Chris McClure is one of Glasgow’s most remarkable performers. Still performing at the age of nearly 80, his career began in the social clubs of the 1960s. He was briefly part of the burgeoning beat group scene before returning to a more middle of the road oeuvre as Christian, the name under which he has traded since the early 1970s.

Christian in the 1980s

In doing so, he became a regular on television and radio in Scotland, as well clocking up dozens of pantomime appearances and most famously featured on Scotland’s 1982 World Cup record, I Have A Dream. 

A rare non-white face in Scottish popular music from the 1960s onwards, his mother was Scottish and his father, who he barely knew, a black American entertainer, Chris Gill. 

Brought up in Ibrox, his early interest was in football until he saw an advert looking for a singer in early 60s Glasgow beat group, The Fireflies. He was duly recruited and played around the pubs and clubs in the city while also working in a city-centre flour mill. 

His big break came in 1965 when television producer, David Bell, spotted him and asked him to be one of the regulars on Stramash! – a tv pop show made in Scotland on the BBC. Here he appeared alongside the like of Lulu, Paul Simon, Tom Jones, Patti Labelle and other stars of the time. 

This attracted interest from the London record companies and, over the next five years, went on to make a number of singles for the Decca and Polydor labels under either his own name or later as the Chris McClure Section. These were mostly underwhelming and made no impression on the charts, though the b-side of 1967’s ‘I’m Just A Country Boy’, ‘Hazy People’, is an interesting period piece. 

At the start of the 1970s, the Chris McClure Section released one further single before a major change of direction for its leader. On the advice of his management – who though his name was not sufficiently rock’n’roll – McClure rebranded as Christian and returned to the Scottish club scene. 

He appeared regularly on television in Scotland and even across the UK on Opportunity Knocks. This combined with a tour with Billy Connolly in 1975 and increasingly regular pantomine appearances meant that he became a well-known and liked, but simultaneously ridiculed public figure in Scotland. For the most part, he took it in good spirits and thrived. His debut album as Christian, The First Christian, came out on Polydor in 1976 and included a new version of ‘I’m Just a Country Boy’ as well as versions of ‘Saturday Night at the Movies’ and ‘Jesus Christ Superstar’.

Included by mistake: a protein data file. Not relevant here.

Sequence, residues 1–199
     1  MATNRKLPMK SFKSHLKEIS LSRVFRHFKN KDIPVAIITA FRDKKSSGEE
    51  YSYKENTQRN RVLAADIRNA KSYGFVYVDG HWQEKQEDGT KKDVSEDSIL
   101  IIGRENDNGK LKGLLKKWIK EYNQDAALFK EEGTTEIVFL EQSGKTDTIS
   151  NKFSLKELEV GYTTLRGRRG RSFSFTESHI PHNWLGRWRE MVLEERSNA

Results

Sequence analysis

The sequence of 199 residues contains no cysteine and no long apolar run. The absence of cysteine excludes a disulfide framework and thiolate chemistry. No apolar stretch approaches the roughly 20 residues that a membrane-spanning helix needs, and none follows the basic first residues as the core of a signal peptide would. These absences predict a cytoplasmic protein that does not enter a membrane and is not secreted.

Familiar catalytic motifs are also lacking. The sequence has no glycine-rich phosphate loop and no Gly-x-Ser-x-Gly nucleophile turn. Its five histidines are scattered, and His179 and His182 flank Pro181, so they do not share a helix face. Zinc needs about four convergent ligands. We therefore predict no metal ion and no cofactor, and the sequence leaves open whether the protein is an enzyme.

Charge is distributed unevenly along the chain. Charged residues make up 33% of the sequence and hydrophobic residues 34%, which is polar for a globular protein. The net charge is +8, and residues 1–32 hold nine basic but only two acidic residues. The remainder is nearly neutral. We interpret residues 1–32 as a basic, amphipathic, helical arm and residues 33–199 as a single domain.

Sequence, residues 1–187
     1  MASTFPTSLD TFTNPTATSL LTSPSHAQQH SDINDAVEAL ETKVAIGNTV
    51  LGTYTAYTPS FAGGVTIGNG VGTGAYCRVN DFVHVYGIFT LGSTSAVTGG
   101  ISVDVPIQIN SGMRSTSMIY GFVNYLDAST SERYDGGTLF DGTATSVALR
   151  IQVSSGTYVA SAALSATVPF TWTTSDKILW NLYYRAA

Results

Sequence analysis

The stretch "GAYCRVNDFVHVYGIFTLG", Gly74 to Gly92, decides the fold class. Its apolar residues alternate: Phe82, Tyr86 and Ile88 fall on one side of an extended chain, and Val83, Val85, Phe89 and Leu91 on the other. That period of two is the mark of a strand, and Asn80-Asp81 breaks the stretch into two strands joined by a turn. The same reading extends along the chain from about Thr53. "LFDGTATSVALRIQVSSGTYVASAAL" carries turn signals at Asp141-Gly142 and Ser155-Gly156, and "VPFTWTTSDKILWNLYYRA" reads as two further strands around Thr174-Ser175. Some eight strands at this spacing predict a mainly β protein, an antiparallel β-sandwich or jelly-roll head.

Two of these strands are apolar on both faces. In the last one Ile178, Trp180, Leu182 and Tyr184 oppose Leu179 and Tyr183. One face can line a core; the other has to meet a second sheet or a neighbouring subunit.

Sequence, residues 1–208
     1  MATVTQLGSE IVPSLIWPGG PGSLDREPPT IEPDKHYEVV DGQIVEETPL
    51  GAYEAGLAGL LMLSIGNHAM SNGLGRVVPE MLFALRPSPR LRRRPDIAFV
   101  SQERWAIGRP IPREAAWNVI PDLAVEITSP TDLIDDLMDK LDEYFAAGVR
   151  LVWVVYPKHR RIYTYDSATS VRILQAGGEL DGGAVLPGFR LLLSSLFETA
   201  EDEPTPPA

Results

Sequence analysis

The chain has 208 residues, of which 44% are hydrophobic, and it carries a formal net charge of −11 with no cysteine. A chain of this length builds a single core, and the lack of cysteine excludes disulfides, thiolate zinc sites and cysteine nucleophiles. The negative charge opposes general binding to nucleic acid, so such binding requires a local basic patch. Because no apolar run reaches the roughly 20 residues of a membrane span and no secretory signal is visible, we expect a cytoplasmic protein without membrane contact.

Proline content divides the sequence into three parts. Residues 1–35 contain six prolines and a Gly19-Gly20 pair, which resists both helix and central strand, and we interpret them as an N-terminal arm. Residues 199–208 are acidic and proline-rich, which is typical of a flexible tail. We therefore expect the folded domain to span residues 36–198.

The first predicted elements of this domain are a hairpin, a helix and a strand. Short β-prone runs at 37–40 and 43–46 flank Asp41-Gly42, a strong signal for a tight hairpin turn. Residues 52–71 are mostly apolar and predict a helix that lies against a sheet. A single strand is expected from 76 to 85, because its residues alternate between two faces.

Christian’s debut album

Another late 70s album on Polydor achieved only moderate success – but he did finally make it to Top of the Pops in 1982 as part of the Scotland World Cup Squad – fully kilted and amongst a rogues gallery that included John Gordon Sinclair, B.A.Robertson, footballers and a pipe band.

Although this was something of a pinnacle, he spent much of the rest of the subsequent decades in the social clubs and theatres of the West of Scotland (and sometime further afield). 

The original line up of the Chris McClure Section reformed briefly in 2006, but by 2012, he was back as Christian, and back near his childhood home, celebrating fifty years in showbiz at the Fairfield Social Club in Govan.

Remarkably, he has continued to perform in his seventies, and until the pandemic was playing every summer in Blackpool as well as continuing to appear at the Pavilion Theatre in Glasgow, where this year he was part of the ‘Jukebox Memories’ soul review – another notch in a remarkable and long-lasting career.